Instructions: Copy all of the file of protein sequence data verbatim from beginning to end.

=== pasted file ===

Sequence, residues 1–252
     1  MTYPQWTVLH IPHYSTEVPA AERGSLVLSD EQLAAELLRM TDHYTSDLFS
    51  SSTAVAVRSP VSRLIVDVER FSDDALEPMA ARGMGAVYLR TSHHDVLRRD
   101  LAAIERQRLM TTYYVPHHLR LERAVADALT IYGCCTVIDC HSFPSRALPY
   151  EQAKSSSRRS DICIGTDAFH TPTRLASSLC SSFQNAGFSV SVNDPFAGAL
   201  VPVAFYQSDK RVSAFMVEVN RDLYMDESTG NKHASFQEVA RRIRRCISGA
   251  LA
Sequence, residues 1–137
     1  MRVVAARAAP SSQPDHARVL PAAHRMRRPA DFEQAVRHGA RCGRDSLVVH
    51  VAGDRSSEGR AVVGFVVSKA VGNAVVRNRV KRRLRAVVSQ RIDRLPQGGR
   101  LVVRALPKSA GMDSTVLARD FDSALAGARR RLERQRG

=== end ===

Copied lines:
Sequence, residues 1–252
     1  MTYPQWTVLH IPHYSTEVPA AERGSLVLSD EQLAAELLRM TDHYTSDLFS
    51  SSTAVAVRSP VSRLIVDVER FSDDALEPMA ARGMGAVYLR TSHHDVLRRD
   101  LAAIERQRLM TTYYVPHHLR LERAVADALT IYGCCTVIDC HSFPSRALPY
   151  EQAKSSSRRS DICIGTDAFH TPTRLASSLC SSFQNAGFSV SVNDPFAGAL
   201  VPVAFYQSDK RVSAFMVEVN RDLYMDESTG NKHASFQEVA RRIRRCISGA
   251  LA
Sequence, residues 1–137
     1  MRVVAARAAP SSQPDHARVL PAAHRMRRPA DFEQAVRHGA RCGRDSLVVH
    51  VAGDRSSEGR AVVGFVVSKA VGNAVVRNRV KRRLRAVVSQ RIDRLPQGGR
   101  LVVRALPKSA GMDSTVLARD FDSALAGARR RLERQRG